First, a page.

Anda, a 20-year-old woman, is protesting in Manchester (UK) because “even though I am not back at home, by protesting here I can support my family and friends. We are protesting as we want Romania to be a place to go back to.” Anda and other Romanian expats living in the Mancunian city are gathering in Albert Square, shouting various slogans and taking photographs to be sent to Romania’s media: “We got some articles published to tell people in our country that we care and we fully support them.” Anda truly believes that the most important change needs to come from normal people, regular citizens who vote: “I also think that people find it necessary to be better informed when they vote.”
At the end of 2015, after the protests sparked by the Colectiv nightclub fire in Bucharest, which which resulted in the death of 64 people, the former government, led by the Social Democratic Party, was indirectly blamed on corruption and eventually brought down. As a consequence the country was led for for a short period of time by a technocratic cabinet that enhanced the country reputation. Thanks to this technocracy Romania began to earn a name of itself as a beacon of the fight against corruption, with concrete results. Despite this, Romania’s current government is once again led by the Social Democratic Party, which secured victory in the December 2016 legislative elections earning 45% of votes. The overall turnout was only 39%.
Romanian protestors are currently asking the government to resign. Liana, a young lady living in Bucharest, has been participating to the demonstration in Victory Square, explains her ambition: “The party who won the elections should elect a new government to continue with their plan, to appoint responsible and decent people. A different government should be done, as this one managed to show in such a short time that it is not ready to rule.” Liana voted at the last elections and hopes that the current events will constitute an important lesson for all those who didn’t. Andy too is disconcerted that millions of young people didn’t vote: “I cannot possibly understand how this happened, especially since it happened little over a year after Colectiv fire. Who did vote, however, was the older generation and people in rural areas who were bought with promises or bags of basic household necessities like flour, oil, eggs. Yes, literally.”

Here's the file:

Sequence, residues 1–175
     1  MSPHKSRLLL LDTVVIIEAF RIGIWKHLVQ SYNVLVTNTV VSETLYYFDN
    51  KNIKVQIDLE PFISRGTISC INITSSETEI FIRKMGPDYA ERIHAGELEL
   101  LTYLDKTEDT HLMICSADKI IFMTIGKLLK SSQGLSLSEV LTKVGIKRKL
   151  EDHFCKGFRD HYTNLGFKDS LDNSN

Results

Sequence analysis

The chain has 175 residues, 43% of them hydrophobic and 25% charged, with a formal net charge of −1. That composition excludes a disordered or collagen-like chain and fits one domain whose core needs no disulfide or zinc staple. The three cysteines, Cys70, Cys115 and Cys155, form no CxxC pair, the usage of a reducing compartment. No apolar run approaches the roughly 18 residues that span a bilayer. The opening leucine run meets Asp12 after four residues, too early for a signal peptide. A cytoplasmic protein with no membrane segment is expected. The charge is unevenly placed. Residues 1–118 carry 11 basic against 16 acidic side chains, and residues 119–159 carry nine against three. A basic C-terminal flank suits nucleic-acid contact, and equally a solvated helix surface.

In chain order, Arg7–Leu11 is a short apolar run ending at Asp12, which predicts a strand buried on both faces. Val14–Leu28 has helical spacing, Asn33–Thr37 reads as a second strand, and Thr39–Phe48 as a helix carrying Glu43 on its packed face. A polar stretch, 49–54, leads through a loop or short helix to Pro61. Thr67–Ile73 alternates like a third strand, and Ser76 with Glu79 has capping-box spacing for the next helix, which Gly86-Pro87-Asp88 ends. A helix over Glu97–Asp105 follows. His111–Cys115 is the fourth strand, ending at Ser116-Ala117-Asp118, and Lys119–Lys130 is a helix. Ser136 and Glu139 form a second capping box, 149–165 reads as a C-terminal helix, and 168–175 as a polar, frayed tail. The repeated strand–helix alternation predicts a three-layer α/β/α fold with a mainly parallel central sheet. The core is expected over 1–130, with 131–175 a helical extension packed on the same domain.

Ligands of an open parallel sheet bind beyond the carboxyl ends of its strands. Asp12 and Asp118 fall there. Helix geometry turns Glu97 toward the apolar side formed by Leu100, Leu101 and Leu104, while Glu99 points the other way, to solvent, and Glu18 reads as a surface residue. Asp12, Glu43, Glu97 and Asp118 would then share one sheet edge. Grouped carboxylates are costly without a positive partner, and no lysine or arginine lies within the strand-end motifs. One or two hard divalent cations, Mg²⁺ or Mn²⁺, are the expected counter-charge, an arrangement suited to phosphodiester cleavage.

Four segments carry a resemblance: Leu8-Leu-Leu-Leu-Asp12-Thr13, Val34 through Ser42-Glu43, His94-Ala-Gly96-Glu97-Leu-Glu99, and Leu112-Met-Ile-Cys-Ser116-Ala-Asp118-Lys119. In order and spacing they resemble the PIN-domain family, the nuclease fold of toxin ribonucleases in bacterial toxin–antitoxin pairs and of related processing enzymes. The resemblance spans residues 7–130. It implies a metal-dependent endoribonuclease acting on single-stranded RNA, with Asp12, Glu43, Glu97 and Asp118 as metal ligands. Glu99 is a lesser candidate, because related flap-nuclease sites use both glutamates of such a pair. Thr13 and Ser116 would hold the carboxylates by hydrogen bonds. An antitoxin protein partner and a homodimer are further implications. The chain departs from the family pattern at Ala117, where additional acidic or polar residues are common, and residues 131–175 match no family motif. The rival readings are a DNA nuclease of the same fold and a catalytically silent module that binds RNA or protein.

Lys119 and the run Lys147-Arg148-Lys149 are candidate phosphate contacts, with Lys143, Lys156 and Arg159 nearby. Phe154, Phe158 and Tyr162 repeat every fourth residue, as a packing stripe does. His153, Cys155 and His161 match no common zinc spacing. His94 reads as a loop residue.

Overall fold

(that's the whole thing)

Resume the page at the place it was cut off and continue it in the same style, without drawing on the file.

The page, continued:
Cover Image: Bucuresti Piata Victoriei, February 8, 2017. Credits: Dan Mihai Balanescu.
To read this article in Italian: here the link.
Nata in valle bergamasca nell’inverno del 1989, sin da piccola mi piace frugare nei cassetti. Laureata presso la Facoltà di Lettere della Statale di Milano, capisco dopo numerosi tentavi professionali, tra i quali spicca per importanza l’esperienza all’Ufficio Stampa della Longanesi, come la mia curiosità si traduca in scrittura giornalistica, strada che mi consente di comprendere il mondo, sviscerarlo attraverso indagini e ricomporlo tramite articolo all’insegna di un giornalismo pulito, libero e dedito alla verità come ai suoi lettori. Così nasce l’indipendente Pequod, il 21 maggio del 2013, e da allora non ho altra vita sociale. Nella rivista, oltre ad essere fondatrice e direttrice, mi occupo di inchieste, reportage di viaggio e fotoreportage, contribuendo inoltre alla sezione Internazionale. Dopo una tesi in giornalismo sulla Romania di Ceauşescu, continuo a non poter distogliere lo sguardo da questo Paese e dal suo ignorato popolo latino.